Straight Outta Nature: Sustainable Catalysts
Most of the chemicals produced for industrial and consumer use come from finite resources, such as petroleum. Increasingly, scientists are looking for more sustainable and greener sources of useful chemicals. Recently Chemical & Engineering News described several catalysts derived from animals, vegetables, and minerals that could make processing more sustainable.
Animal: Enzymes from creepy-crawlies
Yan-Hong He and coworkers at Southwest University in Chongqing, China, are producing an all-natural catalyst by grinding up earthworms. Enzymes are macromolecular catalysts produced by plants and animals to speed the various reactions necessary for life. They come from renewable sources and are biocompatible, biodegradable, essentially nonhazardous, and non-toxic, says Roger A Sheldon, an expert in developing enzymes and greener process chemistry for fine chemicals and pharmaceutical industries.
The Southwestern University group found that powdered earthworms had sufficient quantities of key enzymes to catalyze a variety of reactions. Earthworms can be mass-produced anywhere in compost heaps, living off nothing more than garbage and crop wastes.
Among the enzymes that earthworms exude is a set of serine proteases called earthworm fibrinolytic enzymes. These enzymes are the active ingredients of medicinal extracts used in China for a range of applications, including treating a fever and improving cardiovascular health.
Enzyme purification can be expensive and time-consuming and generate a lot of waste, so He and coworkers began looking for practical ways to eliminate the purifications steps.
The researchers rinse common red worms from a worm farm and then puree them in a kitchen blender, He explains. Next, they centrifuge the pudding-like mixture and collect the supernatant liquid, which they dry and then grind into a powder.
He and co-workers first tested the earthworm powder in a Mannich-Michael reaction to prepare isoquinuclidines, which are nitrogen-containing heterocyclic molecules that are useful chemical intermediates. The researchers compared the powder’s abilities with those of commercially available lumbrokinase, one of the earthworm fibrinolytic enzymes, finding that using 100 mg of earthworm powder—the same amount as the purified enzyme—yielded equal results.
Vegetable: Metal harvest
Currently, the metals we use every day, as well as those used in industry, are obtained by mining. However, mining can have significant negative impact on the environment, such as groundwater and soil contamination, habitat loss, and sinkholes. Moreover, some economists estimate that we have extracted more commercially accessible metals from the earth than are left in the ground.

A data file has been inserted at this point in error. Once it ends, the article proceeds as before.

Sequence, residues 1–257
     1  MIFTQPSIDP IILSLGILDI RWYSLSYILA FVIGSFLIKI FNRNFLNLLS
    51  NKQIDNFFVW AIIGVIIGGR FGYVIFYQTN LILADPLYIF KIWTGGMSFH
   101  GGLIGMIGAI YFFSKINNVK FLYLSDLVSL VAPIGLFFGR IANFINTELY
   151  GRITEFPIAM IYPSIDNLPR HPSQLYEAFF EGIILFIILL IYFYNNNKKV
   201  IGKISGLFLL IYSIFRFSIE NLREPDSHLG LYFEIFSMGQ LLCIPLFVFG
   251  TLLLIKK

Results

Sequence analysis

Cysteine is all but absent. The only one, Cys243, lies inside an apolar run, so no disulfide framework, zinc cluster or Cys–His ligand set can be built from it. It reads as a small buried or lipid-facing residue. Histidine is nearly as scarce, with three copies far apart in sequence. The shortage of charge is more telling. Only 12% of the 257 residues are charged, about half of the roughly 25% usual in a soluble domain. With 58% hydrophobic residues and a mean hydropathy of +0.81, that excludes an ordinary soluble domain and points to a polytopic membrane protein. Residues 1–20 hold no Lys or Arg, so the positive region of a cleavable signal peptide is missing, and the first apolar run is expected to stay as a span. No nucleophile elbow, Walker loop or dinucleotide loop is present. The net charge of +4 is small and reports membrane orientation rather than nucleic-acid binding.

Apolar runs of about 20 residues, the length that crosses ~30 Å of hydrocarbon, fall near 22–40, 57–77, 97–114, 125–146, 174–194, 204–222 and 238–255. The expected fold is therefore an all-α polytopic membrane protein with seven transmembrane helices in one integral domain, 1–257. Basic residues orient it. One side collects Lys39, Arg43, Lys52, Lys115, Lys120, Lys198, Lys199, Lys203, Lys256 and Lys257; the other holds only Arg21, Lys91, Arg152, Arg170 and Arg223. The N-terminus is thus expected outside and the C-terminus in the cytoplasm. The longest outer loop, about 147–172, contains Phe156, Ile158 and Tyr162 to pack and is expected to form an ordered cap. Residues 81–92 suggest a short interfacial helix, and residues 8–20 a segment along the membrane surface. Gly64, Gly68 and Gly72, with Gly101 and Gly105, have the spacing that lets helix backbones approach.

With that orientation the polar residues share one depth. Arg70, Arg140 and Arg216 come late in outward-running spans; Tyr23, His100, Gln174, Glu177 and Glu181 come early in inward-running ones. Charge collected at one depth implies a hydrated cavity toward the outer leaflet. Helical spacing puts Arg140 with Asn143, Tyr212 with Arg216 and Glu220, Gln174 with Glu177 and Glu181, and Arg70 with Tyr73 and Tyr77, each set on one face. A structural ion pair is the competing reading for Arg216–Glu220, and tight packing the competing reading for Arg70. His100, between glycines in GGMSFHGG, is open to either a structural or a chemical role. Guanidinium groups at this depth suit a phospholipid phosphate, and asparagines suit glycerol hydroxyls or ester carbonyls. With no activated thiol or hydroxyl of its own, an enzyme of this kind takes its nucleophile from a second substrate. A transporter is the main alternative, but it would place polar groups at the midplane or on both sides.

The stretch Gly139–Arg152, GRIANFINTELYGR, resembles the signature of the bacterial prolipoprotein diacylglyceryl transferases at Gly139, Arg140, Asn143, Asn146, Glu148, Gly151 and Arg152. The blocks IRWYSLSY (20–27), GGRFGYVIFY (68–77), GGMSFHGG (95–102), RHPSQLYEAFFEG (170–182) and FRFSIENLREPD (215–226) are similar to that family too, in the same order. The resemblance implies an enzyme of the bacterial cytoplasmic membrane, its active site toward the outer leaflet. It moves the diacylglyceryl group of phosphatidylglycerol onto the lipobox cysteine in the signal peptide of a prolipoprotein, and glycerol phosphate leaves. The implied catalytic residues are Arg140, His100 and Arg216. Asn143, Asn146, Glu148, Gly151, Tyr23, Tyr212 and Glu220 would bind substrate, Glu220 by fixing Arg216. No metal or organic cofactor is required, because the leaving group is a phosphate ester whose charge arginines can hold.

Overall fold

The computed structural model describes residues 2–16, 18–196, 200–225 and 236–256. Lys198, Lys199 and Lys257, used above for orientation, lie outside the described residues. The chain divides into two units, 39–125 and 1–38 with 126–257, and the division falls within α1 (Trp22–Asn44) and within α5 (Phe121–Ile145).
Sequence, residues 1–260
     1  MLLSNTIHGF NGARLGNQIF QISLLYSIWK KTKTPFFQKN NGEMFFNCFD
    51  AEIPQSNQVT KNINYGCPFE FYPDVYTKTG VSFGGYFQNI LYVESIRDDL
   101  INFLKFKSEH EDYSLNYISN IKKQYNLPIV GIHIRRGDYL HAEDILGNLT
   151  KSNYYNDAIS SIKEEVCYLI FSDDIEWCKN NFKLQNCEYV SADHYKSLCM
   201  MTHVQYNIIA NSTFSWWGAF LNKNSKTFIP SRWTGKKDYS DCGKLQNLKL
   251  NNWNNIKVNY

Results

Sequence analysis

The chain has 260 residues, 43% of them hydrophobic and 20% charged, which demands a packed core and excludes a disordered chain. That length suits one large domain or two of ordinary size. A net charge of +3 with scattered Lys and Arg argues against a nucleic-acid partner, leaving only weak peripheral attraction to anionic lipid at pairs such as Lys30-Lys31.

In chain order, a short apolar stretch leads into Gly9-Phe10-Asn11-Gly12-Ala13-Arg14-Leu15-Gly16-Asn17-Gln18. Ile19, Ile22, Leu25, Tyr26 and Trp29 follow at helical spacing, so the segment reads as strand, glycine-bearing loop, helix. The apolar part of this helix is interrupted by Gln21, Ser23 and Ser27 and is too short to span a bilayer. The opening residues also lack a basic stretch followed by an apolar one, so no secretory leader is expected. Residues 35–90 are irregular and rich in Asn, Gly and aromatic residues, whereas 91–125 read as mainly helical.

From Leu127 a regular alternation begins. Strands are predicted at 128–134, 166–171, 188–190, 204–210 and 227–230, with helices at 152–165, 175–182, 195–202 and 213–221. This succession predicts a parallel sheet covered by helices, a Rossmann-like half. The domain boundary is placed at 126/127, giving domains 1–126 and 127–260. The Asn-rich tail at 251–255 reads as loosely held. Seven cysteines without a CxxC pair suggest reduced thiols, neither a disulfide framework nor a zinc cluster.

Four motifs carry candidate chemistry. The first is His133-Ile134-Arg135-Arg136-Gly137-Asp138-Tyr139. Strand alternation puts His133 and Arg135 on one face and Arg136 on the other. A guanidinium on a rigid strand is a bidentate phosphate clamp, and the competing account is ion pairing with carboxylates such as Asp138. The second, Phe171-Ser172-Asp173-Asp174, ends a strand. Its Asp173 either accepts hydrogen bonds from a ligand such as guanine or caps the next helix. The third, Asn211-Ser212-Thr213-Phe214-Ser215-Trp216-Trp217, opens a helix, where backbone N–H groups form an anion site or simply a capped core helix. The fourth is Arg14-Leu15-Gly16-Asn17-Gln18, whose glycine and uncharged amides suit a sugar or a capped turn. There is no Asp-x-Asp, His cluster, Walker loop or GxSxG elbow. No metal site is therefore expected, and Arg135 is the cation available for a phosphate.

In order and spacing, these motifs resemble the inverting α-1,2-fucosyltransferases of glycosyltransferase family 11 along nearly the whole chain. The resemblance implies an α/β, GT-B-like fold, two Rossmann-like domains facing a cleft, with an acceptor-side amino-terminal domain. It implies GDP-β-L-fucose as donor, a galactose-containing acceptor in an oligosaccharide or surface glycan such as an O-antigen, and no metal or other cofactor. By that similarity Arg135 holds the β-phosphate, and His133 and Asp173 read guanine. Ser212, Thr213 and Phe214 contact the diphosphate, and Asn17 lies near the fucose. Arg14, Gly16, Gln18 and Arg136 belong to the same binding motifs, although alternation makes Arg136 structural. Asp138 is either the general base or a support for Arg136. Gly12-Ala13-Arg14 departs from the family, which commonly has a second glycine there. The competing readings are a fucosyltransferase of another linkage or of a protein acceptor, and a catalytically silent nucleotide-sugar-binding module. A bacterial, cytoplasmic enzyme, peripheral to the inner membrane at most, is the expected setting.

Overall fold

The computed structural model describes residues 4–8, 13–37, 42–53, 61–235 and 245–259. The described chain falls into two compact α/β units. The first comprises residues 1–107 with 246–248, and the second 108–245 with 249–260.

One solution is to take advantage of phytoextraction, also known as phytoremediation or agromining. In phytoextraction, “hyper-accumulators” are grown in contaminated areas to soak up metals in the soil. The plants are then harvested and incinerated to remove the toxic metals from the area.
Historically, the ash has been buried as a waste product, but Claude Grison and her coworkers at CNRS Laboratory of Bioinspired Chemistry & Ecological Innovations in France have been isolating a variety of metals from the ashes for use as industrial catalysts.
Antony van der Ent and James Vaughan of the University of Queensland have gone a step further, using the crude ash itself as a catalyst. The researchers have been promoting phytoextraction as a sustainable approach to sourcing metals
Mineral: Reduce, Reuse, Recycle
According to some origin-of-life theories, minerals may have served as the first catalysts of biological chemistry on Earth. Exposed metal ores or minerals known as zeolites and clays might have helped simple molecules coalesce to form biochemical building blocks—amino acids, nucleobases, and sugars.
Chemists today still rely on the catalytic prowess of zeolites, which are porous hydrated aluminosilicates spiked with a variety of metals. For example, zeolite Y is a natural mineral used in catalytic cracking to turn crude oil into useful chemicals, and the synthetic zeolite ZSM-5 is used for hydrocarbon isomerization and alkylation reactions.
But what about minerals that have already been dug up and used? “Red mud” is the highly alkaline, iron-rich sludge that is left over after aluminum oxide is extracted from bauxite ore. Currently, refining bauxite produces twice as much red mud as the desired alumina, making red mud a waste product in search of a use. Researchers at Utah State University’s USTAR Bioenergy Center and the Pacific Northwest National Laboratory found red mud to be a promising zeolite replacement in catalytic cracking.
Meanwhile, Sebastien Rauch and colleagues at Chalmers University of Technology have been extracting the catalytically-useful platinum, palladium, and rhodium from high-volume air particulate sampling in cities such as Boston and Mexico City. Other researchers have been isolating these useful metals from street dirt, sewers, and discarded catalytic converters.
Whether tapping into animals, vegetables, or minerals, researchers agree that the catalytic possibilities are endless.
This article is adapted from: A more natural approach to catalysts, Chemical & Engineering News, February 20, 2017. (95(8), pp. 26-32.